Runs Like a Duck (2017 Penn Relays Notebook)

Robert Cole/ALOST
Oregon's Raevyn Rogers runs the 800-meter anchor leg as the Ducks put on a record-setting performance in the sprint relay at The Penn Relays. (Robert Cole/ALOST)
Oregon’s Raevyn Rogers runs the 800-meter anchor leg as the Ducks put on a record-setting performance in the sprint medley championship at The Penn Relays on Friday. (Robert Cole/ALOST)

PHILADELPHIA — Not only did the Oregon Ducks’ women’s 1600-meter sprint medley team come back to the City of Brotherly Love to successfully defend a championship, it finished the race as the new meet and collegiate record holders in that very event.

Not even the fact that the new national record lasted as long as it took to complete the race from start to finish could dampen the team’s spirits on a near-cloudless Friday afternoon at one of the most prestigious track and field events in the world.

The quartet of Makenzie Dunmore, Deajah Stevens, Hannah Waller and Raevyn Rogers lifted Oregon to a defense of its Women’s Sprint Medley Championship of America title at the 123rd edition of The Penn Relays, scorching the field at a blistering 3:39.05 and shaving more than two-and-a-half seconds off of the 13-year-old Penn Relays record, previously held by the University of Tennessee. The meet was especially special to Stevens, the 2016 Olympian who grew up just two hours away in Westchester County, just north of New York City.

“I’ve been running Penn Relays since I was in high school,” said Stevens, the junior who placed seventh while representing the United States in the 200-meter final in Rio last year. “I get to see a lot of family and a lot of friends, and I like running on this track. I love the energy, so it was a great experience.”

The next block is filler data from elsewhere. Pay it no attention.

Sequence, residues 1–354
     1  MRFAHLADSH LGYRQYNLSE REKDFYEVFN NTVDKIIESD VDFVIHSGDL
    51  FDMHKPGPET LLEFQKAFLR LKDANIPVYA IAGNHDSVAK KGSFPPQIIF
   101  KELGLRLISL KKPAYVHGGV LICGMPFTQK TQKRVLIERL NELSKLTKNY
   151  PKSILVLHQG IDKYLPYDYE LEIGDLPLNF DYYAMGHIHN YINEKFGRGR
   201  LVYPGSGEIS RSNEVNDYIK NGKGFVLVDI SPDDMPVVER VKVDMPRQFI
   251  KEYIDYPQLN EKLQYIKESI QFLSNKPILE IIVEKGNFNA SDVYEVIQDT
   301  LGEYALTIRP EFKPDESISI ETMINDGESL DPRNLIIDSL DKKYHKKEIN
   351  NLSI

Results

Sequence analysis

Oregon’s record time was more than four seconds faster than Middle Tennessee, who finished second in the final here in Philadelphia (3:43.67). Unfortunately, that new collegiate standard set by the Ducks was very short-lived, as Texas A&M’s sprint medley team, just four minutes after the Ducks finished setting the record, beat Oregon’s mark by one-hundredth of a second (3:39.04) during the inaugural SEC Relays in Baton Rouge. While probably not immediately aware of what the Aggies did by the time their race ended, the Ducks were still in the middle of taking in their own accomplishments and figuring out what to make of setting a new collegiate record.

“My secret to resilience is practicing hard,” said junior Raevyn Rogers, the anchor leg in today’s race who has won individual NCAA titles at 800 meters in both indoor and outdoor. “It’s a struggle between being talented, having to balance being in school, knowing you have a target on your back, and still staying in control. Our coaches help us stay in balance and don’t put a lot of pressure on us.”

The sprint medley team also broke its sixth collegiate record of the season in the process, as the ladies are rounding into form as the NCAA outdoor championships – held in early June in Eugene – comes closer to view.


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